Mr. Hill may be contacted at

    Legislative Update on Bills of Note (Updated Post-Adjournment)

    March 27, 2019 —
    In two prior posts, one specifically relating to a bill that was introduced to apply a statute of limitatons on state agencies for construction projects and one more general, I discussed some of the legislation pending in the Virginia General Assembly that could be of interest to construction professionals. This post will update the status of these bills and add one that I neglected to highlight in the prior posts. I’ll begin with the oversight. HB 2218 Makes the unlawful and unlicensed practice of contracting, real estate brokering, or real estate sales, in connection with a consumer transaction, unlawful under the Virginia Consumer Protection Act. In short, it makes explicit what was implicit, namely that contractors that perform work without a license are in violation of the VCPA. This bill has passed the house by unanimous vote and is in committee at the Senate. UPDATE– As of February 20, 2019, this bill has passed both houses, all that is left is the paperwork. Post Adjournment Update: This bill passed and awaits Governor’s signature. Read the court decision
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    Reprinted courtesy of The Law Office of Christopher G. Hill
    Mr. Hill may be contacted at

    Tests Find Pollution From N.C. Coal Ash Site Hit by Florence Within Acceptable Levels

    October 30, 2018 —
    RALEIGH, N.C. (AP) — Despite the gray muck that fouled the Cape Fear River near a Wilmington power plant after Hurricane Florence, water tests so far show heavy metals contained in coal ash are within state standards, North Carolina environmental officials said Thursday. Read the court decision
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    Reprinted courtesy of Engineering News-Record
    ENR may be contacted at

    How Your Disgruntled Client Can Turn Into Your Very Own Car Crash! (and How to Avoid It) (Law Tips)

    January 21, 2019 —
    Over the summer, I was involved in a car crash. It was *not* my fault– heck, I wasn’t even driving but riding shotgun. But it wasn’t my husband’s fault either. A guy pulling out of a parking lot was watching the traffic coming up the road, but failed to see our car sitting in the same intersection waiting to turn into the same parking lot. He ran right into us. It may not look like much, but the panels were so damaged it cost almost $9k in damages, over a month of car rental fees, and a LOT of aggravation on our part. The guy who hit us was very nice, apologized, and was concerned if we were injured. His insurance company ultimately paid for all of the damage. However– it wasn’t he who suddenly got a new part time job– that was me. I had to spend lots of time with police, insurance representatives, auto body mechanics, rental car places, you name it. If you’ve ever been in an accident, you know the headache involved. In fact, I have had 2 other accidents over the years (again, neither of which were my fault– I think I’m just a beacon for bad drivers?). One of those accidents was a 4 car accident– a driver hit my car, pushing it into the car ahead, which went into the car ahead of that. In that accident, my car was actually totaled. Fun times! How is this relevant to your life as an architect or engineer? If you stay in the game (that is, the design field) long enough, chances are, you will, at some point, end up dealing with disgruntled clients. One of those clients may even file a lawsuit against you. Or, for that matter, you may end up getting sued by another party involved in your construction projects– one that you don’t even have a contract with. Read the court decision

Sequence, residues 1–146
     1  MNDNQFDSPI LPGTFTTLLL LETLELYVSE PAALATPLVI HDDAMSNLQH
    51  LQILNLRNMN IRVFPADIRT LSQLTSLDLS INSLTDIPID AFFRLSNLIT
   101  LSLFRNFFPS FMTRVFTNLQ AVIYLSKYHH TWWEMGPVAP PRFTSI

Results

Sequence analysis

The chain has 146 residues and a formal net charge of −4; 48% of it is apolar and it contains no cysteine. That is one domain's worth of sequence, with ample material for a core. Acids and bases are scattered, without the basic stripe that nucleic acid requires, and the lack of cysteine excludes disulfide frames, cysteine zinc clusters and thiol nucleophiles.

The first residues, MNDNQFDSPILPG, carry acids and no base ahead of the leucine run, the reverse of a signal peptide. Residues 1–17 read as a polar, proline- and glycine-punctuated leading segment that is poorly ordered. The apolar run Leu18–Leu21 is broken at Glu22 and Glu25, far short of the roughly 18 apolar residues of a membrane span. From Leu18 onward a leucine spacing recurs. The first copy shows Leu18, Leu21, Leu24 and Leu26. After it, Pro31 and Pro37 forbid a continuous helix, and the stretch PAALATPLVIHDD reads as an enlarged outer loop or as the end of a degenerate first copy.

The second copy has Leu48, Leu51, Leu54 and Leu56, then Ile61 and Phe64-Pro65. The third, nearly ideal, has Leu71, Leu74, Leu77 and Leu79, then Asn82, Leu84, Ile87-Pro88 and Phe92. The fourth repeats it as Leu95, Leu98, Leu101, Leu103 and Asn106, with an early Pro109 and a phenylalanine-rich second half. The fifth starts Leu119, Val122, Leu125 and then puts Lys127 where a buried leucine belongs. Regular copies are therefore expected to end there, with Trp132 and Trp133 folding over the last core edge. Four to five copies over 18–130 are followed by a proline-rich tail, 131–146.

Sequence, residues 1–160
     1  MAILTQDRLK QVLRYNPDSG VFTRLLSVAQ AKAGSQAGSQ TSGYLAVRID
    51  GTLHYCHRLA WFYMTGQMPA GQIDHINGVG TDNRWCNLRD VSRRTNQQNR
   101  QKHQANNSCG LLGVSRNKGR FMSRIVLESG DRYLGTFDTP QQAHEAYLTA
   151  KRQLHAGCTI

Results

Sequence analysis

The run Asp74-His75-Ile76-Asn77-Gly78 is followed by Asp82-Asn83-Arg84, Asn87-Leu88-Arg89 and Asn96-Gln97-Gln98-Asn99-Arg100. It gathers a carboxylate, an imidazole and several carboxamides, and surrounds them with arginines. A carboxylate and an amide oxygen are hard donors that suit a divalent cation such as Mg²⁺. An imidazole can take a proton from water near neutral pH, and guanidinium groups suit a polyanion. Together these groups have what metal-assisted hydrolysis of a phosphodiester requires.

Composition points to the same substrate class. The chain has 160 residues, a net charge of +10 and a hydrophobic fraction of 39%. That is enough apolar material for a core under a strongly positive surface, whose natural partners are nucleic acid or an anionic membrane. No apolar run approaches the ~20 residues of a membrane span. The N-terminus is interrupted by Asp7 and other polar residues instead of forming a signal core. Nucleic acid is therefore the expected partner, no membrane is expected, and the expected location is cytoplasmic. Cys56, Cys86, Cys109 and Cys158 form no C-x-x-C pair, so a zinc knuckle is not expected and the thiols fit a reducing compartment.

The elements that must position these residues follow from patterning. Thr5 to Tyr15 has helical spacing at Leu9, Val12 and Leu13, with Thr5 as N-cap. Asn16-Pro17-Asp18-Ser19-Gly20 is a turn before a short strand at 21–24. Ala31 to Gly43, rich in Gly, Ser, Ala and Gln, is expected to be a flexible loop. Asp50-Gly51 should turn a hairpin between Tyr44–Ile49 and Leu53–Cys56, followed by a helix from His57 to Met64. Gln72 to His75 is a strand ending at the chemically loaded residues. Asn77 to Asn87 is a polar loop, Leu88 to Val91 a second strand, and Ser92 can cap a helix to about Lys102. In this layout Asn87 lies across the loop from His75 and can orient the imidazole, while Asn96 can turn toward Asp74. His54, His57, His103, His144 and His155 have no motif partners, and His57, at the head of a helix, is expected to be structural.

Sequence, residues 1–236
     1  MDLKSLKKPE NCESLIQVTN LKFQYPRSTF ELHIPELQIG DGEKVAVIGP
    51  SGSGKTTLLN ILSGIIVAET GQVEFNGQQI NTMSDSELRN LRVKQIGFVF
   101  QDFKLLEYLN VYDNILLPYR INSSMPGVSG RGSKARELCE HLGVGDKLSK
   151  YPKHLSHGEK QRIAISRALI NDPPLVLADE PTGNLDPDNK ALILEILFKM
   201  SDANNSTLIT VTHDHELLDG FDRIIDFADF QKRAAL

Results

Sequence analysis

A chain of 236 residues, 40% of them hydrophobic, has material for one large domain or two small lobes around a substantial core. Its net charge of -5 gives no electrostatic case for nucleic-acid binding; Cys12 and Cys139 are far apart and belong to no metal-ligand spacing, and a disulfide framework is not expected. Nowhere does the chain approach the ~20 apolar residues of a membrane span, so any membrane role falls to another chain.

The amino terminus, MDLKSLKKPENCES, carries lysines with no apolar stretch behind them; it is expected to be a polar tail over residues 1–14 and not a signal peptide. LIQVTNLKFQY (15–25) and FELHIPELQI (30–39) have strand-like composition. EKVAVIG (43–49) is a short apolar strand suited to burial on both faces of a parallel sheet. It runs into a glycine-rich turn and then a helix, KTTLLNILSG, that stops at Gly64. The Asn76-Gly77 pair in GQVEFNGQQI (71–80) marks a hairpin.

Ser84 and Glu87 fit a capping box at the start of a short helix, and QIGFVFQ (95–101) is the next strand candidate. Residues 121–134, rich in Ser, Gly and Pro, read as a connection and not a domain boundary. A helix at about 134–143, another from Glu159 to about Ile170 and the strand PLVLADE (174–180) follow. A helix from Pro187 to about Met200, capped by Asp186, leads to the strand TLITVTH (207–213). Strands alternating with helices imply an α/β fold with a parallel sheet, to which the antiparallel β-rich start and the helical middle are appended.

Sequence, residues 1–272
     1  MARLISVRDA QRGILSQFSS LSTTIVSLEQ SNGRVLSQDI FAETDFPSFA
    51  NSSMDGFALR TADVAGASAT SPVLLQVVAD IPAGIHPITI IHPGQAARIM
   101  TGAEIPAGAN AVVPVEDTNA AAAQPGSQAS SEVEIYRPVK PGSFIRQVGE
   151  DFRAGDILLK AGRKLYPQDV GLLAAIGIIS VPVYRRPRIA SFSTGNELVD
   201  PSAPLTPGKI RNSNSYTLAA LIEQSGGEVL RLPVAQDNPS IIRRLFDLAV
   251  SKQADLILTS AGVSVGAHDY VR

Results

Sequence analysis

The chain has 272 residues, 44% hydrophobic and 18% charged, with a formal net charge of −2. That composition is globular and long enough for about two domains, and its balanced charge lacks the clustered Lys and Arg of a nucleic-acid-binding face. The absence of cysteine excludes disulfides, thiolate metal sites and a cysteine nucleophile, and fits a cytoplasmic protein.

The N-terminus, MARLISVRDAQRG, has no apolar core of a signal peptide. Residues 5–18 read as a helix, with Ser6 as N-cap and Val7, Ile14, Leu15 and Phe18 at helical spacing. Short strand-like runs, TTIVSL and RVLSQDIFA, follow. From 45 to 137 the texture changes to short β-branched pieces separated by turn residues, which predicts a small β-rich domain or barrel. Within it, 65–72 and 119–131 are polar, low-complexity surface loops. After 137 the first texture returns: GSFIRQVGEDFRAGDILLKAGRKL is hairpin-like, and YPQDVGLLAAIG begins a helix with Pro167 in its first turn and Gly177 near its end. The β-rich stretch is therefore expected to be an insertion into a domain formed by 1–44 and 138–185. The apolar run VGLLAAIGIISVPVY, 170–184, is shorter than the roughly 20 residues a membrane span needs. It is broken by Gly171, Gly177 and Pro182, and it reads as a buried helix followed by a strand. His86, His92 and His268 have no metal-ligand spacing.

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    Reprinted courtesy of Melissa Dewey Brumback, Ragsdale Liggett PLLC
    Ms. Brumback may be contacted at

    Texas Court Requires Insurer to Defend GC Despite Breach of Contract Exclusion

    December 19, 2018 —
    In Mt. Hawley Insurance Co. v. Slay Engineering, et al.,1 a Texas federal court ruled in favor of a general contractor, finding that its insurer had a duty to defend it in a construction defect case filed by the owner. The decision adds more clarity to the interpretation of the subcontractor exception to the “Damage to Your Work” exclusion as well as the Breach of Contract exclusion, which has been the subject of several cases coming out of Texas over the past decade. Read the court decision
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    Reprinted courtesy of Ashley L. Cooper, Saxe Doernberger & Vita, P.C.
    Ms. Cooper may be contacted at

    AB 3018: Amendments to the Skilled and Trained Workforce Requirements on California Public Projects

    February 18, 2019 —
    What California Contractors Need To Know About AB 3018 California contractors used to face limited consequences for non-compliance with the state’s skilled and trained workforce requirements on public works projects. A sea-change to the statutory landscape went into effect on January 1, 2019 as a result of Assembly Bill No. 3018 (“AB 3018”).1 The Code re-defines what constitutes a skilled/trained workforce by eliminating existing exemptions, strengthens monthly reporting guidelines and agency oversight, and empowers the Labor Commissioner and public agencies with enforcement tools that include monetary penalties and debarment. Contractors who fail to institute a program to comply with AB 3018’s reporting requirements do so at their peril. What Does The 30% Requirement Mean? Previously, in order to comply with the skilled workforce requirements2, 30% of skilled journeypersons had to be graduates of an apprenticeship program, except for certain listed trades which were exempt from the apprenticeship percentage requirement3. AB 3018 eliminates this exception for the listed occupations and requires 30% of all trades to be comprised of apprenticeship program graduates. Reprinted courtesy of Alex R. Baghdassarian, Peckar & Abramson and Nathan A. Cohen, Peckar & Abramson Mr. Baghdassarian may be contacted at Mr. Cohen may be contacted at Read the court decision
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    Reprinted courtesy of